The Netherlands - also called Holland - is known for its treadmills, tulips and legal drug and prostitution policy. However, the country is so much more than this. You don’t see everyone in a treadmill, smoking weed while holding some tulips. One thing is true, you’ll see every Dutch person on a bike! The most popular city is Amsterdam, but there are many beautiful places in Holland. Fortunately, the country is not that big so traveling doesn’t take too much time. This way you can see the whole country in a couple of weeks. Here are ten of the best places you can visit in the Netherlands.
Amsterdam is the capital of the Netherlands. It’s famous for its many (legal) coffee shops and the Red Light District where the prostitutes sell themselves behind glass. However, the city has much more to it. There’s a lot to do, popular sights include the Anne Frank House, Rijksmuseum, Van Gogh Museum and Begijnhof. While walking through the city, you’ll see the most beautiful canals and bridges. Just watch out for the cyclists!
Travel all the way to the south of Holland, where you’ll find beautiful Maastricht. The atmosphere and people are very different. You’ll probably think you’re not in Holland anymore, it’s unexplainable. In the city you’ll find magnificent churches, basilica and museums. After a long day of exploring, get a drink at one of the cosy bars or cafes on the Vrijthof - the square of the inner city. Don’t miss out on the famous “Flan” (Dutch: vlaai), a delicious pie consisting of pastry and filling. So good!
The Hague is also known as the government city of Holland. The city has many monuments and beautiful districts. Plus, it’s located near the coastline of the North Sea. So when you’re visiting on warm days, you can take a dive in the ocean. Other things you can do and see in The Hague are The Peace Palace, Palace Noordeinde, shopping, visiting Madurodam - a miniature version of Holland -, Sealife in the nearby Scheveningen or the Omniversum. The last three are especially fun for children.
Thanks to the impressive architecture, Rotterdam might just be one of the most attractive cities in our top 10. Among the modern high rise there are lots of fun places to discover. If you tired from walking, take a cruise or water taxi and see the metropolis in a different light. Rotterdam is perfect if you want something else than your regular city trip.
In the center of the country you’ll find Utrecht. It’s Holland’s crucial point when it comes to the railroads, high-end waterways. Utrecht’s history goes way back, which can be seen in the buildings and the city center. Popular sights here are the Domtoren and associated church, museum Catherijneconvent (medieval religious art), Rietveld-Schröderhouse and the castle (De Haar). In the evening you can get a drink at one of the bars near the canal for a perfect view.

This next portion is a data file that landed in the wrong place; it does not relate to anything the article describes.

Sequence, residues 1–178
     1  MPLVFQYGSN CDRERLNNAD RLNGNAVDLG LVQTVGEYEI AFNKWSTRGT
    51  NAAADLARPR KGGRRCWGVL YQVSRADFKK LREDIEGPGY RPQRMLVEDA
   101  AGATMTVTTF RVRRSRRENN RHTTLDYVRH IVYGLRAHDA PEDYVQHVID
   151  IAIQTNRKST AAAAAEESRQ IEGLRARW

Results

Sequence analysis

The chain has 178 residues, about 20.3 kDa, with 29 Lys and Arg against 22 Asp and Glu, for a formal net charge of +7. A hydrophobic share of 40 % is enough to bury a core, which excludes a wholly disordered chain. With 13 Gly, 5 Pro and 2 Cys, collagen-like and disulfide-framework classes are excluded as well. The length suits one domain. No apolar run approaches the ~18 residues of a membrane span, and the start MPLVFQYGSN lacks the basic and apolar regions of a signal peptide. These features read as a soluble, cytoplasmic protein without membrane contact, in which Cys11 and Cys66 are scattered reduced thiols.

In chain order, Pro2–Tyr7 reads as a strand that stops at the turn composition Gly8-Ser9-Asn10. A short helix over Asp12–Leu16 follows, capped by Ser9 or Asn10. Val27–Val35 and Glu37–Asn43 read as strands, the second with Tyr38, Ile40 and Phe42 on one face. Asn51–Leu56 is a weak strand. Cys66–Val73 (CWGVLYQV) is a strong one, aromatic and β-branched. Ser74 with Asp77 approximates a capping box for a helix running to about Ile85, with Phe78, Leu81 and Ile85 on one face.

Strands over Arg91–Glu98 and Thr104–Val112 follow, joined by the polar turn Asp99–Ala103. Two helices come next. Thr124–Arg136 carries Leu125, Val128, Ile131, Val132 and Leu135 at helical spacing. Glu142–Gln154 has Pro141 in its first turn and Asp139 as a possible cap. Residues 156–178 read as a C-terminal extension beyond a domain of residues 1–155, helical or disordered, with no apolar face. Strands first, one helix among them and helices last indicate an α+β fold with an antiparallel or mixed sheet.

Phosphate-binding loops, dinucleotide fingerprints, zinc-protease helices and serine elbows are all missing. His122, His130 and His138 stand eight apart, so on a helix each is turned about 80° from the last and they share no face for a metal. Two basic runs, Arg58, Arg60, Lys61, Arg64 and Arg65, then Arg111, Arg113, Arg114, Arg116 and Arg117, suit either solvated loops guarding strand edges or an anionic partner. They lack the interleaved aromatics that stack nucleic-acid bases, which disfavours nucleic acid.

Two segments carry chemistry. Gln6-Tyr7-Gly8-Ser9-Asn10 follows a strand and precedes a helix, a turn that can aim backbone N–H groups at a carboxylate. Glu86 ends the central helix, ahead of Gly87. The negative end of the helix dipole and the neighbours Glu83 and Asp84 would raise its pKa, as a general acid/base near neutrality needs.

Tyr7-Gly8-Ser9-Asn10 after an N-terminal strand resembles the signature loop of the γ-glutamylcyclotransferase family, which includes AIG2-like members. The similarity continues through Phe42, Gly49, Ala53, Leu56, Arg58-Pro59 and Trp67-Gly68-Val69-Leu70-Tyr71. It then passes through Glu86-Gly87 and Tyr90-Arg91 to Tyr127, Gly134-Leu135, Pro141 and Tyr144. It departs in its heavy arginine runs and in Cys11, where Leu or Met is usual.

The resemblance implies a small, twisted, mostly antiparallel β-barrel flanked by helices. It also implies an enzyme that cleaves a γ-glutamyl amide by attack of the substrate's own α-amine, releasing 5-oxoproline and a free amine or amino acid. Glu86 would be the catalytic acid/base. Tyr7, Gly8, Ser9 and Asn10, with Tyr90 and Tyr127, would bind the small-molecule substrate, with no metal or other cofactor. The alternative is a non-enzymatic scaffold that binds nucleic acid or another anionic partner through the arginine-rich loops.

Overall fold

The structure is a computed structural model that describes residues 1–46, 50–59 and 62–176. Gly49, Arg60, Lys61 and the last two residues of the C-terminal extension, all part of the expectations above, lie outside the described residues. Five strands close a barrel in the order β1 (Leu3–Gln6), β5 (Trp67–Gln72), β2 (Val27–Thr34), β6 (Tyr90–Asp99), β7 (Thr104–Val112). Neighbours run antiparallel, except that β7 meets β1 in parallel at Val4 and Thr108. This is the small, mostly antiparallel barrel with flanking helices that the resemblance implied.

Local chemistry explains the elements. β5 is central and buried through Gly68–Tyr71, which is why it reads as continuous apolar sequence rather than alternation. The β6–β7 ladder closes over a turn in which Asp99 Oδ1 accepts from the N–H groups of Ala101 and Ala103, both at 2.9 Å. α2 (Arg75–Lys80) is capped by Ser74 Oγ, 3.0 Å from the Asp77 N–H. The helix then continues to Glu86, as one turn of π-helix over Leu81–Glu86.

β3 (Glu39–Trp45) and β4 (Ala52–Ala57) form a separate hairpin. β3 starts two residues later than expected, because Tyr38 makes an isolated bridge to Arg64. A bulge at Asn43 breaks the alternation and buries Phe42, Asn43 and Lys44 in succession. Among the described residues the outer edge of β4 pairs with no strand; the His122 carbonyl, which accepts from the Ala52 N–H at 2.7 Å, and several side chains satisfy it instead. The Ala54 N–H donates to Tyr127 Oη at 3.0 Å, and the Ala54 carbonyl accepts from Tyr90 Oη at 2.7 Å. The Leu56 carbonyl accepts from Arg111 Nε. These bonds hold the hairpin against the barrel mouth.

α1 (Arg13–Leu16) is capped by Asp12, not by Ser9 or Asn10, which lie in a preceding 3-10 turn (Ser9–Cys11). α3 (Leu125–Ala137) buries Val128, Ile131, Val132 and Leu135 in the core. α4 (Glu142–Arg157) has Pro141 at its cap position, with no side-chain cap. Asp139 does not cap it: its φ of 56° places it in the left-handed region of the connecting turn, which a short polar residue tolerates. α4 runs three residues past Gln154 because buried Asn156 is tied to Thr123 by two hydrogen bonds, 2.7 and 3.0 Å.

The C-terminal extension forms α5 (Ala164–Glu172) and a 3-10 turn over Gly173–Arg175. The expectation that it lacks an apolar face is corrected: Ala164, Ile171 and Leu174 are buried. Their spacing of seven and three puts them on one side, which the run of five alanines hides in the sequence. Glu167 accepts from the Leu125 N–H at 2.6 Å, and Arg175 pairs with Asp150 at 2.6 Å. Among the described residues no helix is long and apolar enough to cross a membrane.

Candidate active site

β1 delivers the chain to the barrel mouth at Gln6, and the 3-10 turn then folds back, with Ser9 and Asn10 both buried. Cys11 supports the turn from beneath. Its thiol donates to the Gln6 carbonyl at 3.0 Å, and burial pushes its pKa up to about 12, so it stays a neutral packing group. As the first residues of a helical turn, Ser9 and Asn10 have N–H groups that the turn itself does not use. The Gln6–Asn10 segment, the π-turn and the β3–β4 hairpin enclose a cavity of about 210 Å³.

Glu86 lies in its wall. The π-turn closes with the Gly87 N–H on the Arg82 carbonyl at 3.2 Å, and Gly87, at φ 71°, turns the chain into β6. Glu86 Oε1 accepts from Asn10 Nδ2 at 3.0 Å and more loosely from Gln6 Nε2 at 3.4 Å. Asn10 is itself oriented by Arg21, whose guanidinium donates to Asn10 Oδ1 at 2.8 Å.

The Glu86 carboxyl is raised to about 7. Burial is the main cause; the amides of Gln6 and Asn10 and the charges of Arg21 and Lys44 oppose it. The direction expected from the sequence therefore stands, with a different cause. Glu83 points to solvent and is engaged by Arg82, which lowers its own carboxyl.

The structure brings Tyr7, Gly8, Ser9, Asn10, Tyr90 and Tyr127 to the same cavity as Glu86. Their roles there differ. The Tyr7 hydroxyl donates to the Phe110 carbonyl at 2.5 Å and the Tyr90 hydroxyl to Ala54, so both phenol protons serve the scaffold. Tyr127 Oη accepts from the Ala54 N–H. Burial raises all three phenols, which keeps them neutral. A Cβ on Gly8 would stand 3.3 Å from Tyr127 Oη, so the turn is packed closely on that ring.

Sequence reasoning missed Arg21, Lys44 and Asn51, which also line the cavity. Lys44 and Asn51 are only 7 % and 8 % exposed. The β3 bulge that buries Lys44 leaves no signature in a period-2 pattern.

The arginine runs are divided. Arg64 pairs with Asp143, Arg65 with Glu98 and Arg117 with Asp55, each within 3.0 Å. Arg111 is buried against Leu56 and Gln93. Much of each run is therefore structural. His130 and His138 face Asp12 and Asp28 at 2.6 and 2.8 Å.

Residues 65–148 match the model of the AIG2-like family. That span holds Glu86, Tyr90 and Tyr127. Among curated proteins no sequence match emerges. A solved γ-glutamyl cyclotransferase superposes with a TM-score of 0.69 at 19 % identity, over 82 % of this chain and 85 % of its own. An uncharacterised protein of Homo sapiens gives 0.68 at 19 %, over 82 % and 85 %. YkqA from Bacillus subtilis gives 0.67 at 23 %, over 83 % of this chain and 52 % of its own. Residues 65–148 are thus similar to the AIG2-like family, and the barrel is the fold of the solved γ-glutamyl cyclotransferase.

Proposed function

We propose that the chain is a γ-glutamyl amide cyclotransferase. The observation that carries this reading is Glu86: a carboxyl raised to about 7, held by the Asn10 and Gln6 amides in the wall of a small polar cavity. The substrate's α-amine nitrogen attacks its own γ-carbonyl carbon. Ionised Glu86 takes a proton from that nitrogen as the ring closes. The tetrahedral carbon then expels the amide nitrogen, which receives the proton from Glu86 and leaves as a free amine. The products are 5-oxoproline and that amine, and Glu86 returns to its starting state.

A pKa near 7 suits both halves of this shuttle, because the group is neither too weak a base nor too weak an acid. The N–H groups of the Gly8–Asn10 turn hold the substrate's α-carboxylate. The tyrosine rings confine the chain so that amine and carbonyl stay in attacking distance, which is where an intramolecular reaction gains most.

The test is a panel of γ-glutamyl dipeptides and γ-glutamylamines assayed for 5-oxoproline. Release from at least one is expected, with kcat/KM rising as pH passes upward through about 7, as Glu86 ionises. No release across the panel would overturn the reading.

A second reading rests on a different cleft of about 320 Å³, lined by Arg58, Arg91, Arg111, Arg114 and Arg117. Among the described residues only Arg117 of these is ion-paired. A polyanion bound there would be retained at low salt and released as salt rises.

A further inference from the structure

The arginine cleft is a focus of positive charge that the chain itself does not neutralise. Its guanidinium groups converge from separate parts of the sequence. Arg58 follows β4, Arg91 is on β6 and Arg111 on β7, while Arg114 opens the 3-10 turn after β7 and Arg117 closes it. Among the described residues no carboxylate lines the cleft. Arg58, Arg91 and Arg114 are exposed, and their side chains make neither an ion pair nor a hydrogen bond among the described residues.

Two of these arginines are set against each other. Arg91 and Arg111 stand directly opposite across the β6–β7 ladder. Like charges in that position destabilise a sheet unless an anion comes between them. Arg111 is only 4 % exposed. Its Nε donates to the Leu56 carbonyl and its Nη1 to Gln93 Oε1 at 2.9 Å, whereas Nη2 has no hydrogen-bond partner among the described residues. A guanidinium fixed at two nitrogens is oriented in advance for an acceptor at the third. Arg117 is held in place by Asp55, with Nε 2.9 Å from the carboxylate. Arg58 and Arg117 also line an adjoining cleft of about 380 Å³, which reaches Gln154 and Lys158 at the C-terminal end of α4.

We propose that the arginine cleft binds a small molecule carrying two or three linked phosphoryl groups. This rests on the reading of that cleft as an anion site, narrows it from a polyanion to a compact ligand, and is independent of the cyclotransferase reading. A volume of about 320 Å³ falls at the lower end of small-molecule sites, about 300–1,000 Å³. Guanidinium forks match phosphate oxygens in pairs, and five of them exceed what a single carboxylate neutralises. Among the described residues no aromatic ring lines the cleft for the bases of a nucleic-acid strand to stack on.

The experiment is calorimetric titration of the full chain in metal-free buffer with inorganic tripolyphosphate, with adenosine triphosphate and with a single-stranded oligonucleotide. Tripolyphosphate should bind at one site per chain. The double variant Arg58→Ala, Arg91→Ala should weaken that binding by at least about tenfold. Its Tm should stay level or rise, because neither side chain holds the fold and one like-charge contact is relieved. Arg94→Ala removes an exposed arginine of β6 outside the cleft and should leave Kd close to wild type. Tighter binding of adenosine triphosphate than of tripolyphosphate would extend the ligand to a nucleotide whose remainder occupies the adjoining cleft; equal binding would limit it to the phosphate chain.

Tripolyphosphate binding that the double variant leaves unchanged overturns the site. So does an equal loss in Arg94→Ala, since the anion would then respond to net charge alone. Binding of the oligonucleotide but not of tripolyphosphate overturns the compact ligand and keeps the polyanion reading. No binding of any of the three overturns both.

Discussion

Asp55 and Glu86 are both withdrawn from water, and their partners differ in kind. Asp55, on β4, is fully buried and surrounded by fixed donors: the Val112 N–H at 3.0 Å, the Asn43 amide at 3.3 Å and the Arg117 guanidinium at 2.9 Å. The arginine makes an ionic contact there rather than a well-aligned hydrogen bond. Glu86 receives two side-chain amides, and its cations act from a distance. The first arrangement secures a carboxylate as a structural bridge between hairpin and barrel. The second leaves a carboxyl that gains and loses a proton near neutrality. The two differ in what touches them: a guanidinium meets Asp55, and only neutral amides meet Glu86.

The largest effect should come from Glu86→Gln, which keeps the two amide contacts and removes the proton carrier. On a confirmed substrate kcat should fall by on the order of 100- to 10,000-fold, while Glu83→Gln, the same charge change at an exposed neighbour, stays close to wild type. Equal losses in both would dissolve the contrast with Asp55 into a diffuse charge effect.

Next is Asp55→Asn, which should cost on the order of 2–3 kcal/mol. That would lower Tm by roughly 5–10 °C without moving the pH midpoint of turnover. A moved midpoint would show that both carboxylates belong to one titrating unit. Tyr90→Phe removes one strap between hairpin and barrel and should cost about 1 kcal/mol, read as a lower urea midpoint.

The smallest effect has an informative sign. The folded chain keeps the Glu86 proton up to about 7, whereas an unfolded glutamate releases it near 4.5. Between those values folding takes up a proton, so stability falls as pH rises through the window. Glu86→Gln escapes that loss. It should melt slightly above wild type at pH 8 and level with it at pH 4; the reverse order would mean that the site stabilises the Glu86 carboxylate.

For Groningen you need to go all the way up to the North. It’s not that far in comparison with traveling in other countries, though Dutch people might disagree. They are not used to travel for more than an hour within their own country. Unfortunately - depending on where you’re coming from - a trip to Groningen can take up to 4 hours. Groningen is known for the many students that reside here. They bring a little extra spark to the city with their events and enthusiastic lifestyle. This city is definitely worth a visit.
Amsterdam may be the capital of the city, but Haarlem is the capital of the province North Holland. This historic city is known to have one of the most beautiful stations. Thanks to the combination of historical buildings, waterside views, windmills - windmill De Adriaan can be found in central Haarlem - and many options to grab a drink, it’s a unique city which is sometimes overlooked.
‘s-Hertogenbosch (Den Bosch)
Den Bosch has two main sights: the St. Jan Church and the Jheronimus Bosch museum. Furthermore the city also has some unique canals. Are you visiting Den Bosch in February? Chances are you’ll find a crowded city packed with dressed up people who are celebrating a festival called Carnaval. This festival is also celebrated at the same time in the rest of the province (Breda) and in the whole province of Limburg (Maastricht).
Nijmegen is known as the oldest city of the Netherlands. It was already here as a part of the Roman Empire and during this time the Roman soldiers of the tenth legion were settled here. On the Waal’s hill you can still find a big fort they built in that time. What not to miss in Nijmegen? The historic parcs, the Valkhof Museum, restaurants and bars at the Waalkade and open air festivals. Are you visiting in July? Every year the greatest walking event in the world takes place in Nijmegen. Next years marks the 100th edition of the The Four Days Marches. Thousands of people walk 30, 40 or 50 km a day. And if you don’t like walking, you can party for a week long during the Four Days Festival.
Breda is a combination of a historic and modern city. Many medieval buildings are still intact, such as the Castle of Breda or the church, but you’ll see many modern touches to the city. In the center you’ll find most of the bars and pubs and while strolling through the city center, especially the historic feeling is tangible. Take a look for yourself! Fun fact: famous DJ Tiësto is born in Breda.
Tip: when you are traveling a lot, it could be wise to take a (cheap) prepaid phone with you. This way you are in control of your expenses. You can easily top up your prepaid credit online at Recharge.com.